Rent-seeking is not just a case of executive looting, such as university vice-chancellors adopting CEO norms, but also occurs through the creation of supernumerary roles. This may be endogenous, in the form of roles created to build and reinforce internal power structures, or exogenous, in the form of socially-mandated roles whereby elites take a cut from businesses or state bodies, such as non-executive directors or the members of quangos. The growth of whitecollar jobs relative to bluecollar has long been seen a sign of increasing human capital and thus aggregate productivity, but this ignores the greater scope for rent-seeking as jobs become less measurable in terms of individual output. Parallel to this, the growing demand for regulation and oversight (and thus responsibility) increases supervisory overheads. The drama of a Parliamentary committee, whether interrogating bankers or spooks, reflects the growth of software and automation, which in turn is feeding the growth in supernumerary roles.

Increasing inequality in pay is as much about the inequality in hours as it is in hourly rates. The need to "get the hours" drives behaviour at the bottom of the income scale, such as taking on a second job, and at the top, such as collecting non-executive gigs. This has a negative impact on productivity: at the bottom, it leads to soldiering in order to justify overtime, as well as labour-capital substitution; at the top it leads to superficiality - i.e. having insufficient bandwidth or expertise to be effective. The affront of various senior bankers and non-execs at HSBC that they couldn't be expected to know what was going on in their own organisation is not mere disingenuousness. Rona Fairhead, like her fellow HSBC non-execs, is paid to adorn a committee. She is not expected to actually do any work beyond read an audit report, sit through a meeting and nod assent.


Fairhead's understanding of her role, and the continuing debate about gender balance in boardrooms, shows that the gender pay gap is as much about "representation" (i.e. the value of symbolic presence) as it is about individual contribution. When top roles become de facto sinecures, they inevitably reflect wider prejudices. For example, pay disparities in Hollywood reflect the dynamics of the industry. "Stars" are paid proportionate to their ability to put bums on seats. This is why Emma Watson currently earns more than Timothy Spall. Women are at a structural disadvantage in that studios reflect and reinforce societal sexism, because that makes narrow economic sense: they are financially incentivised to be biased, which overrides their "liberal" norms. In contrast, there is little financial incentive to be biased in construction, which is why the gender pay gap is much smaller in that industry despite the assumed innate sexism of builders. Hollywood will be one of the last industries to achieve gender pay equality, despite Patricia Arquette's laudable exhortation.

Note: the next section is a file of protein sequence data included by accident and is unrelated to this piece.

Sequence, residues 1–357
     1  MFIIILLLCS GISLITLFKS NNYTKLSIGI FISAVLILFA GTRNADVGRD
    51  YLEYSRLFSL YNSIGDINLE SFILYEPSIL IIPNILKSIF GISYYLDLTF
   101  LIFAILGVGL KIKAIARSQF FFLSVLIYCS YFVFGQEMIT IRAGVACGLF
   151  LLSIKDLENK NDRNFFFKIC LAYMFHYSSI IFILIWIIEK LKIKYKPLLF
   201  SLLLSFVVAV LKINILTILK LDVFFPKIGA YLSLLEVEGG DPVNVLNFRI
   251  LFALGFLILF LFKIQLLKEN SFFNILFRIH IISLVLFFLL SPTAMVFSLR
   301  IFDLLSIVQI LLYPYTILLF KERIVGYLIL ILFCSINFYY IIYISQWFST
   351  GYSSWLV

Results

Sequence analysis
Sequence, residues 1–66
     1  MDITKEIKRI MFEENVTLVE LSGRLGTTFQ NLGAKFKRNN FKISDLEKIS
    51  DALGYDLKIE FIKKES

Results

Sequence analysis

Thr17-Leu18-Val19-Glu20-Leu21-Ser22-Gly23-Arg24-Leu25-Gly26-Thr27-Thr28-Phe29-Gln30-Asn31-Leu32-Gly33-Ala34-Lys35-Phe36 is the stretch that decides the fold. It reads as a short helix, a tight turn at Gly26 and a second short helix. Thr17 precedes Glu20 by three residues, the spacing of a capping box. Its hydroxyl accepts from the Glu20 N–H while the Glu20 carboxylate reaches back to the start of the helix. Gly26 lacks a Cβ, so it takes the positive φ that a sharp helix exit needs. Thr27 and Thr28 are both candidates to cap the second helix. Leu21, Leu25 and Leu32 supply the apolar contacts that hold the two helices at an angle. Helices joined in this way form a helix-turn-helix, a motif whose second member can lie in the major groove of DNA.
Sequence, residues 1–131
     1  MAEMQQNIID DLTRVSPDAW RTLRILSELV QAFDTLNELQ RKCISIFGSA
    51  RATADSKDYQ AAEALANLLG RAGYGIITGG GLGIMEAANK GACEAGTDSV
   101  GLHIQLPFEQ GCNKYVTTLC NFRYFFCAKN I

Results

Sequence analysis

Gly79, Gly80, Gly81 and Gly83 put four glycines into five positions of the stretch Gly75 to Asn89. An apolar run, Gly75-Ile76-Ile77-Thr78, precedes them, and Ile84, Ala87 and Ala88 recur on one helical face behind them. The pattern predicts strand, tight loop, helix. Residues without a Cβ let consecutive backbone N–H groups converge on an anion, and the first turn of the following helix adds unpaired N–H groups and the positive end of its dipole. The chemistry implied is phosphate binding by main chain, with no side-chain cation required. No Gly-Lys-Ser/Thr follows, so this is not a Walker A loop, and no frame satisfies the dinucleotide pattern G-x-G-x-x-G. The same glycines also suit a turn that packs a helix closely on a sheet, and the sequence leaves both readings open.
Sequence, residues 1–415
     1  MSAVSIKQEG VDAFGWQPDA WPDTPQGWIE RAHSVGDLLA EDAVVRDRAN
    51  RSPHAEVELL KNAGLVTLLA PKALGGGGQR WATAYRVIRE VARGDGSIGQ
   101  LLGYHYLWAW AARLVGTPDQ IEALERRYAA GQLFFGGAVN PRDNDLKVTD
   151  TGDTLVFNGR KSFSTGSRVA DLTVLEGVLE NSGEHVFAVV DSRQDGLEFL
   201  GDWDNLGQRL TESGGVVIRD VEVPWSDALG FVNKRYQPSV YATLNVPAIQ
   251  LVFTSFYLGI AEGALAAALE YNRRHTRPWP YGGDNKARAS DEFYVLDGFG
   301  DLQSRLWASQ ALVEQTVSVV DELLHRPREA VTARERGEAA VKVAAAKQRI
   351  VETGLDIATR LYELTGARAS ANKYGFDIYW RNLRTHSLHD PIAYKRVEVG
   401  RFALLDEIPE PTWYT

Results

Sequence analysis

Wider sexism dictates that watches are usually gender-specific. By making its smartwatch a chunky, feature-rich device, Apple is reinforcing the prejudice that a "tech watch" is a product for chisel-jawed men who do important stuff. In the modern economy, an ostentatious concern with time is significant both in terms of peer status and self-esteem, similar to the concern with never being "out of touch" while travelling or on holiday. Just as a Rolex says "too wealthy to give a toss", so an Apple Watch will say "too important to pay you even cursory attention".

Thursday, 12 March 2015

Death of a Clown

Whether engineered or not, "punchgate" looks like a convenient opportunity for the parting of the ways between Jeremy Clarkson and the BBC. Though still popular with young boys, Top Gear's healthy foreign sales, like Clarkson's increasingly desperate attention-seeking, are a clear sign that the vehicle is now running on fumes. While the Beeb might try and refresh the cast, like Last of the Summer Wine, it might equally just cut to the chase and create an entirely new series where ageing men are set ridiculous challenges in which pratfalls and hilarity ensue, like Last of the Summer Wine. The cast are obviously rich enough to retire, while writing gigs in the Tory press will satisfy the urge to take the ego out for the occasional spin.